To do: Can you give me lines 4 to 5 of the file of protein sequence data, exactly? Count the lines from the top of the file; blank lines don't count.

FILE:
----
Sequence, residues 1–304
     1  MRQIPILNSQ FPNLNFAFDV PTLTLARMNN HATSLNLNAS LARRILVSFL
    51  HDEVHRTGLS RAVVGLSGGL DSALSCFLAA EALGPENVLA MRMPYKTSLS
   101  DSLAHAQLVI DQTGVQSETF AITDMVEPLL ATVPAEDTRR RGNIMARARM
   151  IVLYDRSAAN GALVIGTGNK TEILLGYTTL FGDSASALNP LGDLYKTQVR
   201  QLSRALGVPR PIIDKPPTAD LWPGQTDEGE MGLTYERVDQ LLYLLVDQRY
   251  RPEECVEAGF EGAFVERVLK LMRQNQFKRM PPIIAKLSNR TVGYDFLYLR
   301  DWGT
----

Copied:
   101  DSLAHAQLVI DQTGVQSETF AITDMVEPLL ATVPAEDTRR RGNIMARARM
   151  IVLYDRSAAN GALVIGTGNK TEILLGYTTL FGDSASALNP LGDLYKTQVR